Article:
||This article includes a list of references, but its sources remain unclear because it has insufficient inline citations. (March 2015) (Learn how and when to remove this template message)|
April 13, 1879|
|Died: October 18, 1922
|April 20, 1903, for the Boston Americans|
|Last MLB appearance|
|June 13, 1913, for the Boston Red Sox|
|Runs batted in||437|
|Career highlights and awards|
Garland "Jake" Stahl (April 13, 1879 – September 18, 1922) was an American first baseman and manager in Major League Baseball with the Boston Red Sox, Washington Senators, and New York Highlanders. A graduate of the University of Illinois, he was a member of the Kappa Kappa chapter of Sigma Chi. He started off as a catcher before being traded to the Senators, where he moved to first base full-time, with occasional stints in the outfield. He was regarded as a good fielder and an average hitter, although he did lead all hitters in the American League in home runs with 10 in 1910. He also struck out 128 times that year, a record that would stand until 1938.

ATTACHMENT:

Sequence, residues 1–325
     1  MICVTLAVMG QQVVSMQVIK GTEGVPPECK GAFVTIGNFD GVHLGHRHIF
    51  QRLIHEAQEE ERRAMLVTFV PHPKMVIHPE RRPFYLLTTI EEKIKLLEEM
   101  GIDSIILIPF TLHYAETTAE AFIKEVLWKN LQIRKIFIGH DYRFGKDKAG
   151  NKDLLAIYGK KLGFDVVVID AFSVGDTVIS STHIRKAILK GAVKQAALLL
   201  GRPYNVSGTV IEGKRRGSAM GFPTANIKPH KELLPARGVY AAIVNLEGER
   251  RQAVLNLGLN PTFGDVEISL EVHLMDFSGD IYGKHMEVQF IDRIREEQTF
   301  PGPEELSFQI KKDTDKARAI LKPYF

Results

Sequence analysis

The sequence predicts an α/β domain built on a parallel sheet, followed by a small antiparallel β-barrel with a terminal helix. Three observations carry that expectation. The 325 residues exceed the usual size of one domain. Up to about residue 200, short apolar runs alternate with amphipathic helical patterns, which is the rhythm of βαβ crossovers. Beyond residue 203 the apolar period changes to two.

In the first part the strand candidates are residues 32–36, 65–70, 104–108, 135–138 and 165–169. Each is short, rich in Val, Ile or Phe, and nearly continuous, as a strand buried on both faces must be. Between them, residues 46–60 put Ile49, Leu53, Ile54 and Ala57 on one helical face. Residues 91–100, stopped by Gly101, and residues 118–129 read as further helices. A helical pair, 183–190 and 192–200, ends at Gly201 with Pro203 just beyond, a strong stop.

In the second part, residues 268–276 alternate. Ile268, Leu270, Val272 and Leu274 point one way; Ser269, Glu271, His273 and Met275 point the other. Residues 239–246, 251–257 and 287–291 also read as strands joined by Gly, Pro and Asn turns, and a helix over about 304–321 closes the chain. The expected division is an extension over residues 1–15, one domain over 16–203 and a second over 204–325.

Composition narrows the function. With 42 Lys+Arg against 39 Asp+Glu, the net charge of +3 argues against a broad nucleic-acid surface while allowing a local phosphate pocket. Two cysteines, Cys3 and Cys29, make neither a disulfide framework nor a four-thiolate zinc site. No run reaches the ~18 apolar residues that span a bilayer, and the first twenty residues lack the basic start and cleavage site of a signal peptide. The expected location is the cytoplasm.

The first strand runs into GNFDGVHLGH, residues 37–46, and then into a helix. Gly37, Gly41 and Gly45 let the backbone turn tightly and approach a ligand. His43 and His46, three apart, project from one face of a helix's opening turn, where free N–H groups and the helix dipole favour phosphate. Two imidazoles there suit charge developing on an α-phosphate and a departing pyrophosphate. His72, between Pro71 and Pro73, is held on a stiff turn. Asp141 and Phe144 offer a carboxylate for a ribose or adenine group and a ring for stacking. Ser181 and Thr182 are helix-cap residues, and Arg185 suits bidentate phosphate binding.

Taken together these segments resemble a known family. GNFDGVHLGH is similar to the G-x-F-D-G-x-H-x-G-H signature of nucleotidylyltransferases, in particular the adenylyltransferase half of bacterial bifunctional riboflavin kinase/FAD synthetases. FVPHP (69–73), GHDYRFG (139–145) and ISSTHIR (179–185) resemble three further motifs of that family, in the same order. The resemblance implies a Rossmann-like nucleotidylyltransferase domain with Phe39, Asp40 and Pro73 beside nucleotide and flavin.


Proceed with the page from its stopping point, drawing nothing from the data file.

As a player-manager, he led the Senators to two seventh-place finishes, and in his second managerial stint led the Red Sox to the 1912 World Series title. His success was short-lived, as he had a falling-out with his teammates and resigned midway through the 1913 season. His successor, Bill Carrigan, would win two more World Series titles for the Sox. Stahl died of tuberculosis in Monrovia, California at age 43.
Stahl was not related to Red Sox teammate Chick Stahl, despite contemporary accounts erroneously listing them as brothers.
- List of Major League Baseball annual home run leaders
- List of Major League Baseball career stolen bases leaders
- List of Major League Baseball player-managers
- Dickson, Paul, (1999) "The New Dickson Baseball Dictionary" (2d ed. Houghton Mifflin Harcourt) ISBN 978-0151003808
Media related to Jake Stahl at Wikimedia Commons
- Career statistics and player information from Baseball-Reference